5 Easy Blog Writing Tips To Make Your Writing Better

Written By Mike Allison  |  Blog  |  0 Comments

copywriting skills to make something worth reading

Do you want to make your writing better, or have you given up on your dream of being a great writer? 

Have you been saying your writing isn't good enough? Well, that's the problem. Talking about it isn't going to make your writing better. 

You've got to act on the blog writing tips I'm going to share in this post. 

It's simple. Stop talking and start doing. 

The first of my blog writing tips to make your writing better is,

Tip 1: Answering the question: why do you want to make your writing better?

Without a compelling reason to make your writing better, you won't stick to doing the things necessary to improve. 

So, grab a pen or pencil, a notebook, and start noting the reasons you have to make your writing better. 

Done? Great. Pick the top 2 reasons, print them in large letters on a piece of paper, or write them on a whiteboard and read them aloud every morning, afternoon, and evening. 

I'm not sure what your reasons are, but here are 3 good reasons to make your writing better.

a) Communicating clearly, so others understand you.

Blogging is writing. You've got something worthwhile sharing. But, if your audience doesn't understand your writing, they don't benefit, which means everything you're doing might be for nothing.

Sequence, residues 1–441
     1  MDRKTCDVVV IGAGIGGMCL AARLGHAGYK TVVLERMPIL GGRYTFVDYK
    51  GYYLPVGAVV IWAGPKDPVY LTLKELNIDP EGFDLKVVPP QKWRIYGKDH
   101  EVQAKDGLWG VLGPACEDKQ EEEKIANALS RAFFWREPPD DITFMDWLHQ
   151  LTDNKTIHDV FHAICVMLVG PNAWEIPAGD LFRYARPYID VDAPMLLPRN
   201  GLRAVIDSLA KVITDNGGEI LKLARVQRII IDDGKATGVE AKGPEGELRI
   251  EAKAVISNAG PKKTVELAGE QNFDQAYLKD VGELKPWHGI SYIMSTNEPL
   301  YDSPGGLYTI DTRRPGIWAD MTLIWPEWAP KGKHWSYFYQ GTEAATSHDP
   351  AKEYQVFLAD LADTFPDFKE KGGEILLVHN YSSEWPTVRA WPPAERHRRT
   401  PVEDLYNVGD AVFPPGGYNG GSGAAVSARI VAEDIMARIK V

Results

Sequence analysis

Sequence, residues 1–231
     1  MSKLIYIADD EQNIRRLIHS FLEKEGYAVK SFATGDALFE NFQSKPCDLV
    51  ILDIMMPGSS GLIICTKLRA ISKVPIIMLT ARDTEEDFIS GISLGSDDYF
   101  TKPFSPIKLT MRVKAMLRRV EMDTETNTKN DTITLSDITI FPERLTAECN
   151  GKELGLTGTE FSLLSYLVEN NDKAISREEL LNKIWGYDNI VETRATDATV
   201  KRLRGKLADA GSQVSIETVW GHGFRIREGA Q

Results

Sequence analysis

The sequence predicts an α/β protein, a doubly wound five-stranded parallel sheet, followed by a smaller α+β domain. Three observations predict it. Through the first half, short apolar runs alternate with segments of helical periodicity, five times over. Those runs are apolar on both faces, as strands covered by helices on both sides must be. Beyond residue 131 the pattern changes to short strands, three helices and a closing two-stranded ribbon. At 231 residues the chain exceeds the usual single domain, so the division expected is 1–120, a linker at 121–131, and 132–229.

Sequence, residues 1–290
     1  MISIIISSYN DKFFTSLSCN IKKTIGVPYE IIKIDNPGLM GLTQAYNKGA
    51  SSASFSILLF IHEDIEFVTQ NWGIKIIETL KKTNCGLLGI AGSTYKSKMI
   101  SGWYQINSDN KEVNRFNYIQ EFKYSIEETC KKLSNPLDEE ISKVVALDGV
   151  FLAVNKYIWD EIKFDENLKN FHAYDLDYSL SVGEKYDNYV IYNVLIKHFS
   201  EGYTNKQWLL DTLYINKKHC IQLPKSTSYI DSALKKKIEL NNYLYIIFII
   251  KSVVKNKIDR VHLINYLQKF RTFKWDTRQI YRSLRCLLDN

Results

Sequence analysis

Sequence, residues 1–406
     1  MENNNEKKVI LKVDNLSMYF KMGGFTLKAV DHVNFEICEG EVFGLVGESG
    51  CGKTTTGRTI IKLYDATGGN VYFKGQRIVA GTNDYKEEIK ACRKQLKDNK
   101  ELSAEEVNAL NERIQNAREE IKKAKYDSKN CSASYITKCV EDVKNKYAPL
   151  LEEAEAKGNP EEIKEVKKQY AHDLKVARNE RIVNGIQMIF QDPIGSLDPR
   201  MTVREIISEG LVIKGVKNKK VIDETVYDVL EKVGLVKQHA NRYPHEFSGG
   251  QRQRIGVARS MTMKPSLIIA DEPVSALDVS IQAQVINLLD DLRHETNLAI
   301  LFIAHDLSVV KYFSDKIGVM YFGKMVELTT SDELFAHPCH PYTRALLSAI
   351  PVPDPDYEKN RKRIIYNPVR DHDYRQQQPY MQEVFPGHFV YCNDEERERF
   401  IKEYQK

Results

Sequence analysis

You don't want that, do you? Nope.

b) Writing skills are necessary for the job you're after.

Maybe you're a freelance writer who's trying to earn a living by writing. Or, you're trying to land a role as a content creator inside of a company. 

You won't get hired if your writing skills are mediocre at best, terrible at worst. Good reasons to make your writing better, agree?

c) People will judge you based on your writing.

If you're writing is full of typos, and you're trying to land contract work, you can kiss your chances of getting that gig goodbye. 

Typos make you look sloppy and careless, and nobody wants to work with a sloppy, careless person; well, most people don't want to work with someone like that. 

Even if your writing is free of typos, writing clearly is the difference between "we understand exactly what this person is getting across" and "Huh?"